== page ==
Our recently released research, Sustainability Incorporated: Integrating Sustainability into Business, calls out the need for business to further embed sustainability into its core strategies. The report highlights five pathways that sustainability practitioners can leverage to more deeply integrate sustainability into their business: employing business model thinking; putting materiality to use; applying a sustainability lens to products and services; tapping into culture; and leveraging transparency. In the third of a five-part series, which was originally published on GreenBiz, we focus on applying a sustainability lens to products and services.
￼Many companies have identified ways to modify existing products or services — or to develop new ones — with sustainability factors top of mind such as Ford and the F-150 pick-up truck, Nike and Flyknit shoes, and Nest Labs and the learning thermostat. When companies such as these apply a lens of sustainability to their products, they signal to customers and other external stakeholders that they are prioritizing environmental and social issues.
At the same time, they signal to internal stakeholders that sustainability is a priority and an opportunity for innovation and growth. This type of internal employee messaging and prioritization is a significant opportunity and pathway towards integrating sustainability more deeply across the business and ultimately creating more value.
Applying a sustainability lens to products and services offers a tangible, day-to-day approach to embedding sustainability into business units above and beyond the sustainability team. Many departments typically are involved in the development of products, including design, sales, marketing and R&D, and each will be exposed to sustainability issues and opportunities, thus fostering integration.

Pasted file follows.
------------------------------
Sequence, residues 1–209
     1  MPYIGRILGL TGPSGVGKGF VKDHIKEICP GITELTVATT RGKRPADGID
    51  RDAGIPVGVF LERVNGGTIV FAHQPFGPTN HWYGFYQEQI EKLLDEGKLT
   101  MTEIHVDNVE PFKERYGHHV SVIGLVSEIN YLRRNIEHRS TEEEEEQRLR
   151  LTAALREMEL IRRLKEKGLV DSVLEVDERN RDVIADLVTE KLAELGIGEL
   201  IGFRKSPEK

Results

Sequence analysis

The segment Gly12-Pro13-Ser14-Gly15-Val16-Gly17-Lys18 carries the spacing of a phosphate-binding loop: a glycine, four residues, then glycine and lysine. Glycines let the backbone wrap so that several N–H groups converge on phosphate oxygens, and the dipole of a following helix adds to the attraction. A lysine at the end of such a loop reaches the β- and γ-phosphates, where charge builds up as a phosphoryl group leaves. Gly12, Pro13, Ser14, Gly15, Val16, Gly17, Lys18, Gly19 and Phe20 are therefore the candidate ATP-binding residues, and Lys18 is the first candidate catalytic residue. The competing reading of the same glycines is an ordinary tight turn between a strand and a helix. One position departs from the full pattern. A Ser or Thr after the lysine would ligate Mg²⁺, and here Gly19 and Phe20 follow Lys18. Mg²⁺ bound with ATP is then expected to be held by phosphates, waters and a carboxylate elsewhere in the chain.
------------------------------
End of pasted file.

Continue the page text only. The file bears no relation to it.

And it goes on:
Developing sustainable products and services also can help build the case for further integration of sustainability, especially as the demand for such products is growing. A study by the Conference Board found that companies with revenues from sustainable products and services climbed 91 percent between 2010 and 2013 whereas overall sales grew just 15 percent. The financial benefits of applying a sustainability lens to products and services can help make the case for embedding sustainability into other parts of the business such as strategy and operations.
Developing sustainable products and services also can help build the case for further integration of sustainability, especially as the demand for such products is growing.
There are several ways to apply this lens. Companies can use tools such as lifecycle assessment (LCA) to understand and improve the environmental impacts of a product, as Levi Strauss, Brown-Forman and Nestlé have done. Companies also can create internal sustainability scorecards, such as Johnson & Johnson’s Earthwards approach that prioritizes sustainability aspects of a product or service in its development stages, or external scorecards that influence suppliers and raw material sourcing, such as Procter & Gamble’s Supply Chain Environmental Sustainability Scorecard and Walmart’s Sustainability Index. Many companies combine all of the above and also set goals around sustainable products and services as they integrate sustainability into their core offerings.